The York Boat
The York Boat came into use in approximately 1823 for transport of supplies and furs to and from York Factory near the mouth of the Hayes River on Hudson's Bay, to Hudson's Bay Company posts which were accessible by water. The boats were constructed of soft woods such as spruce and therefore only lasted three summers. The construction design was similar to Orkney Isles fishing boats which are thought to have been influenced by York Boat resting at Lower Fort Garry.
Norsemen who inhabited northern Scotland in earlier times. The standard boat size was generally 42 feet bow to stern with a keel length of 30 feet, eight or 9 feet wide and three or 4 feet deep with a flat oval bottom propelled usually by eight oarsmen, directed by a steersman. Eight oars, or sweeps, 20 feet long were each manned from the opposite side of the boat providing greater leverage. A square sail was used to rest the oarsmen whenever practical.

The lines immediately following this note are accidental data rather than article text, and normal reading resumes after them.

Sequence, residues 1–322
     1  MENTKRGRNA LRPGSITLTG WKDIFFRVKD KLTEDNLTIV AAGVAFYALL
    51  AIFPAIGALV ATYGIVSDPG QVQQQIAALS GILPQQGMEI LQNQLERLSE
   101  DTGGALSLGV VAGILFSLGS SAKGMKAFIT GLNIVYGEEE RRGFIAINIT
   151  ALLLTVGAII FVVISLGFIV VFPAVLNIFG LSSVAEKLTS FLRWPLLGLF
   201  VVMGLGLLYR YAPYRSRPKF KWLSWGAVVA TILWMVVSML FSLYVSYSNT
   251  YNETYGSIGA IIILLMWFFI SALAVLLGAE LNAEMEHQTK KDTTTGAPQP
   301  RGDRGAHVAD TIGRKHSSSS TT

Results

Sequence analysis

Two or more York Boats usually travelled together. The crew carried 80 or 90 packets weighing up to 90 pounds each over the many portages on each trip. The empty boats were pushed/pulled over the portage using log rollers underneath. Very strenuous work indeed.
In addition to supplies, they brought Hudson's Bay men's families to Lower Fort Garry and elsewhere. Mrs. Ellen (Win) Linklater (nee Moar) remembered her childhood trip with several siblings by York Boat from her father's post at Little Grand Rapids en route to their Cloverdale farm in the 1890s (NE 8-14-4E).
With the development of steam ships in the 1880s, which travelled the length of Lake Winnipeg to Selkirk, the need for York Boats declined and consequently the boat works at Norway House and York Factory were closed.